Loading...

On Monday (16.04.2018) 8 civil society organisations: Pracownia na rzecz Wszystkich Istot, Fundacja Rozwój TAK – Odkrywki NIE, Stowarzyszenie ekologiczne EKO-UNIA, Towarzystwo na rzecz Ziemi, Stowarzyszenie Ekologiczno-Kulturalne Wspólna Ziemia, Polska Zielona Sieć, Fundacja Frank Bold i Zielony Instytut, called on the largest privately managed pension funds in Poland to divest from ENERGA and ENEA, the two companies implementing the project to build Ostrołęka C, a 1000 MW coal-fired power plant. The appeal is addressed to AXA, Aviva, PZU, Allianz, Nationale Nederlanden and Generali. Despite their declared commitment to human health and the environment (e.g. Aviva has installed 300 air quality sensors) all the above pension funds are still holding shares in at least one of those companies while Generali, Allianz and PZU have been found to insure investments into harmful coal energy. Meanwhile, independent experts are sounding alarm that the operation of Ostrołęka C will lead to even 2000 premature deaths and almost 110 000 cases of asthma in children over the economic lifetime of the project.

Investing in expensive, inefficient and harmful coal energy is socially irresponsible. It also undermines the efforts by multiple states and institutions to combat climate change. “Profit-oriented companies, and especially ones that claim to be committed to the environment and human health, should distance themselves from this investment”, says Radosław Ślusarczyk of the Workshop for All Beings, a member organisation of Poland’s Climate Coalition.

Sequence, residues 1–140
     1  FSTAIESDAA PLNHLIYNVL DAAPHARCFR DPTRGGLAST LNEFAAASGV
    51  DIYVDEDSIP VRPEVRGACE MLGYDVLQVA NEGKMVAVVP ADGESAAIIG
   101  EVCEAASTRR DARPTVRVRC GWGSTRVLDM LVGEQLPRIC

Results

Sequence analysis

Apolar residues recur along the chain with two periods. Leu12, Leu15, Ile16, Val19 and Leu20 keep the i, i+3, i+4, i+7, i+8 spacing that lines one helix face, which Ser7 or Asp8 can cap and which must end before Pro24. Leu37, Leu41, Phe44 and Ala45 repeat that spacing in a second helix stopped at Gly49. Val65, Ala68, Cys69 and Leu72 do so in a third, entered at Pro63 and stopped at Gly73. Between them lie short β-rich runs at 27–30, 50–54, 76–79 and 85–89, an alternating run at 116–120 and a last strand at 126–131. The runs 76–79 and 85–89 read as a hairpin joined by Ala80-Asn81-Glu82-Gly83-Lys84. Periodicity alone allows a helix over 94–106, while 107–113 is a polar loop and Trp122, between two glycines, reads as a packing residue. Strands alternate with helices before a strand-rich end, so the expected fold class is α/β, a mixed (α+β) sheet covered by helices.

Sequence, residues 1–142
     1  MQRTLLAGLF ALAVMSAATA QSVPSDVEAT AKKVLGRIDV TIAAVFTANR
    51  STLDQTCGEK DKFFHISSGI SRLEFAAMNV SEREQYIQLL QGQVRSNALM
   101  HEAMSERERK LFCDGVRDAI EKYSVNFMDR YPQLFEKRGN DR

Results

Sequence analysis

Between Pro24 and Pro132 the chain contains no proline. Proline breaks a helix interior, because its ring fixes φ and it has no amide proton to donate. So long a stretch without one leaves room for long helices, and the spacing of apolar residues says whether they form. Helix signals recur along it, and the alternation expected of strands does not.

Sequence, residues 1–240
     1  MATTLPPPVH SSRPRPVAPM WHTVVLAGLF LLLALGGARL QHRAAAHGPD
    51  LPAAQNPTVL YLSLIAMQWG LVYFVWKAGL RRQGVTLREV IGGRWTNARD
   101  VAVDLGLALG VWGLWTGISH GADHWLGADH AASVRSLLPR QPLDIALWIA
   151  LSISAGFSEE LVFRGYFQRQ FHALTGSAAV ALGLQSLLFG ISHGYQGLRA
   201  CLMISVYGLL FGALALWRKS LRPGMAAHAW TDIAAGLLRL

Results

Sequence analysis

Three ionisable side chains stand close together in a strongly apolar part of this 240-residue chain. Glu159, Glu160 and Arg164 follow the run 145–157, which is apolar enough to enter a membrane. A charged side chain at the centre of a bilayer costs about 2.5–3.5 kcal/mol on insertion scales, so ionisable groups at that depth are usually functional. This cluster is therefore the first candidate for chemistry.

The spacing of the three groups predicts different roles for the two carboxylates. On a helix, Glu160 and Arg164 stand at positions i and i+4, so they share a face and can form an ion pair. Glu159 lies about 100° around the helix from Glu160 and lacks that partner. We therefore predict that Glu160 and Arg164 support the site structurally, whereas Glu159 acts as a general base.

The double standard is not the only problem regarding the pension funds’ involvement in Ostrołęka C. The power plant is going to be the most expensive and least useful coal-fired power plant in Poland. According to studies by professor Jan Popczyk of the Silesian University of Technology and Michał Hetmański and Filip Piasecki of Instrat Foundation, the project is financially irrational and its cost has been grossly underestimated. It is also facing major regulatory problems. The Polish capacity mechanism does not guarantee the power plant’s economic viability, and the investor holds no valid integrated permit, without which a decision to proceed with the project is subject to a great risk of delays and further financial problems.

The civil society organisations expect the funds to divest from Energa and Enea until the companies close the Ostrołęka C project. They pledge to check the funds’ reaction already in June 2018, during the general shareholders meetings of the two energy companies.

Osoba kontaktowa: Radosław Ślusarczyk, Stowarzyszenie Pracownia na rzecz Wszystkich Istot, suchy@pracownia.org.pl


Przeczytaj także: